• Eating a very low-calorie diet that can negatively affect your performance both cognitively and physically. Concentration decreases, metabolism slows down, sex drive becomes a distant memory, energy levels dip, and so on.

If you focus too much on your health (sounds impossible, but it’s not), you may find yourself:

  • Completely ignoring calories in favour of chasing nutrient-dense, calorie-dense foods.
  • Picking out one or two “indicators” of health that make the most sense or are the most apparent to you, but ignore others (blood lipids, body fat, lean muscle mass, resting heart rate, emotional stability, strength, financial stability, social wellbeing, etc).

If you focus too much on performance, you may find yourself:

  • Eating food with disregard for how it affects your health (much like with weight loss). Nutrient-density becomes less important as you work hard to get in enough calories and carbohydrates to fuel your performance.
  • Eating a very high-calorie diet also has negative effects. Your cellular fitness tends to suffer. Plaques can build up in our arteries, blood pressure and cholesterol can increase, you become more insulin resistant, your risk for certain cancers increase, and so on.

Therefore, finding a long-term set of dietary habits should be based on the intersection of the following three goals:

  • Improved body composition.
  • Improved health.
  • Improved performance.

This way you can look great naked, live long and vitally enough to enjoy it, and perform well both cognitively and physically at anything you do – allowing you to live a bigger and fuller life.

Health, Body Composition, and Performance Goals Bottom Line: Don’t fall into the trap of focusing too much only on weight loss, or only on health, or only on performance and let the other areas suffer as a result. Find ways to build daily habits around all three (such as eating good food, not eating too little or too much, and paying attention to how you perform cognitively and physically as a result).

 

4. Good Nutrition is Honest and Outcome-Based:

Good nutrition is honest and outcome based

Two of the most common mistakes that people make when trying to achieve their health, body composition, and performance goals are:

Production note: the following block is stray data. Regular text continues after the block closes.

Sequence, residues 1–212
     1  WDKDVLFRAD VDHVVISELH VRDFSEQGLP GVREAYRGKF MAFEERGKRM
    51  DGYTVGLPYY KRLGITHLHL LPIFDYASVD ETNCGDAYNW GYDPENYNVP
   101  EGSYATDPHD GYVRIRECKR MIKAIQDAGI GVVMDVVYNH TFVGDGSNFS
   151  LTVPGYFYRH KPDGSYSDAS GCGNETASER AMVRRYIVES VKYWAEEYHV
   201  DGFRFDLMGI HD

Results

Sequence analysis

• They think it will be harder than it actually is – in reality, it’s actually pretty easy with the right approach.
  • They think it will be quicker than it actually is – in reality, there will be times where results come quickly and times when they come agonizingly slowly.

People who make these two mistakes tend to also make as many big changes as possible while full of motivation, but then crash and burn once life becomes a bit more difficult or results come slower than they thought it would.

You may think that jumping in and giving it your all is what works best for you, and we admire that. But how’s that actually working for you?

Yes, some people do feel like they are more comfortable with cold-turkey approaches versus slow and steady approaches – but this often has to do with personality and going off what they have done most of their life (whether it has actually worked or not – it’s familiar and comfortable).

Our own biases make it hard to consider this kind of thing when it comes to ourselves, so let’s use someone else (anyone else) as an example instead…

How often have you heard:

  • “I eat really well”… but… “I’m still 10 kgs overweight.”
  • “My diet is perfect”… but… “I often feel sluggish and fatigued.”
  • “I make good nutritional choices”… but… “I’ve got high blood pressure, cholesterol, and Type 2 Diabetes.”

Is it possible that someone could eat really well and have a “perfect” diet yet be overweight, fatigued, and riddled with lifestyle-related diseases? Sure, it’s possible, but it’s not likely.

They may still be a work-in-progress and a great diet can only improve your health so fast (one good meal won’t make you healthy) – but if not much has changed for the better over the past few months or years then it might be worth re-looking just how well their diet is actually working.

Most people who believe they’re “doing a good job” but who don’t have the physique or the health profile to show for it, simply aren’t. Either they have a good plan that they’re not executing properly (consistently for an extended period of time), or their plan isn’t very good.

This is why it’s important to track both compliance and progress:

  • Most people only track results (or lack thereof) and then look back at their plan wondering what went wrong.
  • When looking back, we have a tendency to overestimate the good things we did (like eating so well during the work week) and underestimate the bad things we did (like going a bit wild on the weekend).
  • The result is that we believe we are doing things really well even if we aren’t, and most people’s lack of desire to actually track their habits is a form of denial and self-protection.